4/17/2006 by Geoff Watts,Paul Goddard
External consultants bring a wealth of experience and an objective perspective to the classroom. However, we have been experimenting with running internal certified ScrumMaster courses ourselves. Bringing the training in-house has resulted in some significant benefits but has also brought some significant challenges.
4/10/2006 by Lisa Owens
When trying to implement Scrum, sometimes it seems that the little things create the biggest problems. Take task boards for instance: how do you create a tidy space where your cards aren't falling and supplies are handy when you want to add new stories? Lisa Owens has found a simple solution that might work for you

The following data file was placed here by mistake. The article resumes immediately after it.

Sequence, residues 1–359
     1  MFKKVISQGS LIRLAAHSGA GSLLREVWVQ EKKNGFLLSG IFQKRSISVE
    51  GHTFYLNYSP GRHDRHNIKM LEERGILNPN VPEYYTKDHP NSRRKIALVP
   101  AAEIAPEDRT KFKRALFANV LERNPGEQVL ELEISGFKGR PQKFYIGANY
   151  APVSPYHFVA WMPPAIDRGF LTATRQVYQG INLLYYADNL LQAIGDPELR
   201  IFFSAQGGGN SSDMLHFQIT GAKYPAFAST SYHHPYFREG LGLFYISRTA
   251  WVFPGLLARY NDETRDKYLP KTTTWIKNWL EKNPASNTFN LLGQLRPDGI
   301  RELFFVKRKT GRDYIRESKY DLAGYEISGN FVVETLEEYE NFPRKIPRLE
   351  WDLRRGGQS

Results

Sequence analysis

4/3/2006 by Paul Given
Sure, Scrum is great for some projects, but can it work for a complex project with hard release dates and changing requirements? Find out what happened when we gave it a try.
3/27/2006 by Esther Derby
For some teams, retrospectives start to lose their punch after a few sprints have gone by. If your retrospectives feel a little stale, don't abandon them. Freshen them up instead. Seven things you can do to inject new energy.
3/20/2006 by Mike Cohn
If lightweight processes feel too heavy, it's most likely an implementation problem.
3/13/2006 by Ken Schwaber
When executives mandate a switch to Scrum, can teams take charge? Will management really let them?
9/5/2005 by Kelley Louie
Adding Items to a Product Backlog
The Product Backlog is a prioritized list of requested features/functionality and is owned and managed by the Product Owner. The Product Owner ensures that the most valuable functionality is delivered first and i...